Bird Lake's future out of Port Augusta Council hands

DRIED UP: Without water management of Bird Lake, council says much of the southern part of Port Augusta will suffer from the undesirable odour.
DRIED UP: Without water management of Bird Lake, council says much of the southern part of Port Augusta will suffer from the undesirable odour.

BIRD Lake is an environmental disaster waiting to happen, if Alinta and the state government don’t agreement on its future.

BIRD LAKE: Circled in red is the area in question, while the green area covering much of Willsden is where council says residents will be most affected by the odour.

BIRD LAKE: Circled in red is the area in question, while the green area covering much of Willsden is where council says residents will be most affected by the odour.

Located adjacent the power station, the Bird Lake’s water is maintained by Alinta’s infrastructure.

Port Augusta CEO John Banks said reluctance from Alinta or the state government to continue feeding water into the lake will leave disastrous results.

If it does dry out, the odour alone will be quite high on people’s minds, especially those living around Willsden.

John Banks - Council CEO

“The lake will dry out without it, which provides significant issues,” Mr Banks said.

“If the lake dries out it will remain moist because that is a natural storm water flow area and there is capillary action and sulfates to a depth of 600 millimetres, which means it will continuously stay boggy and wet.

“It means you’re going to get odours, you’re going to get mosquitoes breeding, it’s not going to be good.

“If it dries out, the odour alone will be high on people’s minds, especially those living around Willsden.”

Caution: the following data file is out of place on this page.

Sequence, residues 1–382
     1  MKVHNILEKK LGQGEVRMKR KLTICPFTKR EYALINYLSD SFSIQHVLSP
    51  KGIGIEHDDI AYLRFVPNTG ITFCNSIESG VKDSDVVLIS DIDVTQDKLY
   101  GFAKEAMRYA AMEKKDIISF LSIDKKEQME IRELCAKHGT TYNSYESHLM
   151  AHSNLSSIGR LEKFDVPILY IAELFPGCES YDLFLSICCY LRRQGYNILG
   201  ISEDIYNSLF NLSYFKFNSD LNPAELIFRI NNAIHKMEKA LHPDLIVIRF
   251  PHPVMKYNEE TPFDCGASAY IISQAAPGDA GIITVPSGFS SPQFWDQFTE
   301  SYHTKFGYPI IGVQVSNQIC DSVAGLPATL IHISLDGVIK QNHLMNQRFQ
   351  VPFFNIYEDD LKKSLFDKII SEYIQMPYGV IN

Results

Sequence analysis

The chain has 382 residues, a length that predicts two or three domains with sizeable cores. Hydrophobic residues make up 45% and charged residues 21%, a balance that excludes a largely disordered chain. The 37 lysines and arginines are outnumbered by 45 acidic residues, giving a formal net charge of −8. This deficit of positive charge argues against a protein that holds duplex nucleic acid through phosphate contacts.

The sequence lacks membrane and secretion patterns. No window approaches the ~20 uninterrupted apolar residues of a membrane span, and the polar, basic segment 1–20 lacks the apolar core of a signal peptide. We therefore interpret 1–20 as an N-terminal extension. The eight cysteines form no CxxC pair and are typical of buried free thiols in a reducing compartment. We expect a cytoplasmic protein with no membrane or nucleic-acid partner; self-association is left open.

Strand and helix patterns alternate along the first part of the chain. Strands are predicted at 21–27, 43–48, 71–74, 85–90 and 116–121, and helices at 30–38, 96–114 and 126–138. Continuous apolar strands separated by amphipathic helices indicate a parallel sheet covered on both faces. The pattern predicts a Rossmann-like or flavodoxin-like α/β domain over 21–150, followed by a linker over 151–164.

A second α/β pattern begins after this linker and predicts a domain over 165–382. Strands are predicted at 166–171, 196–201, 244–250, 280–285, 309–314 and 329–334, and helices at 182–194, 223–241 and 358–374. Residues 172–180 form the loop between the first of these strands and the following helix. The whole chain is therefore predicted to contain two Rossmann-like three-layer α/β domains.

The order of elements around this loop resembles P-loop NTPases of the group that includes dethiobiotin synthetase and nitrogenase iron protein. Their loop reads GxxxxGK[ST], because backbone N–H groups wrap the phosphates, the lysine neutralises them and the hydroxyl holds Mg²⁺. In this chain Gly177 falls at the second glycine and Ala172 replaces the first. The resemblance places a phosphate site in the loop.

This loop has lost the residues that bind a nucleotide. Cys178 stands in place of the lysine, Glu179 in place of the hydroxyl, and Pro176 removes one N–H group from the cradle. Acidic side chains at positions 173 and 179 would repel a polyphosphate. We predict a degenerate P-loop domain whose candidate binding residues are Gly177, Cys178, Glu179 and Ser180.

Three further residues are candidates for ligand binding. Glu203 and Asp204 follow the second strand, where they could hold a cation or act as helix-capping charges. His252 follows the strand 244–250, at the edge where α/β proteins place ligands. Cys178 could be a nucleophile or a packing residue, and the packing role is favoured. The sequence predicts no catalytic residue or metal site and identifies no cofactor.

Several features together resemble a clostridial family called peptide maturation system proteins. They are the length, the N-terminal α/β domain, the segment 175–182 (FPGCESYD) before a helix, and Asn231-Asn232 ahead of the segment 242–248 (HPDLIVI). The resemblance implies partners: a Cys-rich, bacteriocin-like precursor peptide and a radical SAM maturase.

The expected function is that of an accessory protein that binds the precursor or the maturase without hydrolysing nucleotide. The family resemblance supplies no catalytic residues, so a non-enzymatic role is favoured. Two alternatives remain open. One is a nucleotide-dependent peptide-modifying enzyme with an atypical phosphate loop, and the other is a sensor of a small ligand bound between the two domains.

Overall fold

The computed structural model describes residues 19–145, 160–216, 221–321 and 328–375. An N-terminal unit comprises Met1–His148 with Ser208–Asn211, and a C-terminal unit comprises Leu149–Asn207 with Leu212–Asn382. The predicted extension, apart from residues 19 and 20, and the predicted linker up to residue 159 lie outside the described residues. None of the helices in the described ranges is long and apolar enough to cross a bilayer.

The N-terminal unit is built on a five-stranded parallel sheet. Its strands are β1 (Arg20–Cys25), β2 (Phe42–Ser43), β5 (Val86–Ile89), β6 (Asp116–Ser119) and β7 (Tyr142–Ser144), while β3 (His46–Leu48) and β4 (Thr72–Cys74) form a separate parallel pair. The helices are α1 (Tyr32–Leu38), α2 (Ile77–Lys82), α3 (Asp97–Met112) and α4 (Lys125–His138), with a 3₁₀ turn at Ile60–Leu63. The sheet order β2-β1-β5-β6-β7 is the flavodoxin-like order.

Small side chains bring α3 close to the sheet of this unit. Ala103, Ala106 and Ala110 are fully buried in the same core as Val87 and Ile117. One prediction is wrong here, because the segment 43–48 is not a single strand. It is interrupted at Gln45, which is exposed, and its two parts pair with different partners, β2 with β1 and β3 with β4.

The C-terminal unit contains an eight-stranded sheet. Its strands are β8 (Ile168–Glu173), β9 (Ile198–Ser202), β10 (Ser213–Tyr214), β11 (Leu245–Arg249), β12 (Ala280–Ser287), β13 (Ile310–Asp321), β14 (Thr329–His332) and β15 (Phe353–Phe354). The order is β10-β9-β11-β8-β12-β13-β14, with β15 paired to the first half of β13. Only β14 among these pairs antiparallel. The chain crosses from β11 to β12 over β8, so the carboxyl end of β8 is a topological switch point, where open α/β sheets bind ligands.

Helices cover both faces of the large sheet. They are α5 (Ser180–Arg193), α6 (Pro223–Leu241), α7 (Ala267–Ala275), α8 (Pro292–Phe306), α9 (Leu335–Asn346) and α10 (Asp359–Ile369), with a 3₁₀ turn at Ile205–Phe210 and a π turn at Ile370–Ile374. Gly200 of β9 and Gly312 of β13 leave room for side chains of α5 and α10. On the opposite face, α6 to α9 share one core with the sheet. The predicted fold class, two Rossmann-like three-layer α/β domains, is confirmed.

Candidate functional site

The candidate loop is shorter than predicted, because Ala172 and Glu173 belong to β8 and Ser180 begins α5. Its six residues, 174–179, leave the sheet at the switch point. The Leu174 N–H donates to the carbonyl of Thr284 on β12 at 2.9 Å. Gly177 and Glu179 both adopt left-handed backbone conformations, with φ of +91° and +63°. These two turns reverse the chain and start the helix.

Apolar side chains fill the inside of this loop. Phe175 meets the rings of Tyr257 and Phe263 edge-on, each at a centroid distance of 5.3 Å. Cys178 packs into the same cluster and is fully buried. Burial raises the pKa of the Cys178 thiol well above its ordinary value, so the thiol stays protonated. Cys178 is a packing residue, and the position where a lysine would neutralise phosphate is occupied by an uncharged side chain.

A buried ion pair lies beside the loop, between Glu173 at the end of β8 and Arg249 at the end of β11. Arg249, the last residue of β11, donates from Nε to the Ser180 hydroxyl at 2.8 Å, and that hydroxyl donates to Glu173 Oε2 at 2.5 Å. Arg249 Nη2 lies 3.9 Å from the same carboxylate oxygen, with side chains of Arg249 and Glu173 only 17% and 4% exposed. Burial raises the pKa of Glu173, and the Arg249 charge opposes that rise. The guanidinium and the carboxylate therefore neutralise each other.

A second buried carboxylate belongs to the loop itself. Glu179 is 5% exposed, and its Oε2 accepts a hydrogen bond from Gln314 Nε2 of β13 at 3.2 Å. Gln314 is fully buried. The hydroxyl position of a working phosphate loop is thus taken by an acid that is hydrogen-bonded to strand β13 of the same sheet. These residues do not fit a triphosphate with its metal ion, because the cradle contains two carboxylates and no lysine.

Alternatives to an Alinta or state government solution have not been sought, with council suggesting a takeover would cost around $1 million a year, which is not economically viable.

“My view and the view I’ll put forward, is that the people of Port Augusta should not have to dip into their own pockets whatsoever as a consequence of the Alinta closure,” Mr Banks said.

Alinta may be told by the state government to remediate the area to pre-power station conditions and leave the lake for council to deal with.

“I would absolutely reject that,” Mr Banks said. 

“On the grounds that the community has benefited from Alinta being here for the past 40 years, but the residents should not have to endure an environmental issue or a loss of an amenity as a result of them going.

“There’ll be a point where they’ll turn off the water, and if that happens on March 31 next year it won’t be more than a few weeks before we have a significant problem."

On Monday night, council decided to write to both parties asking about the future of the lake.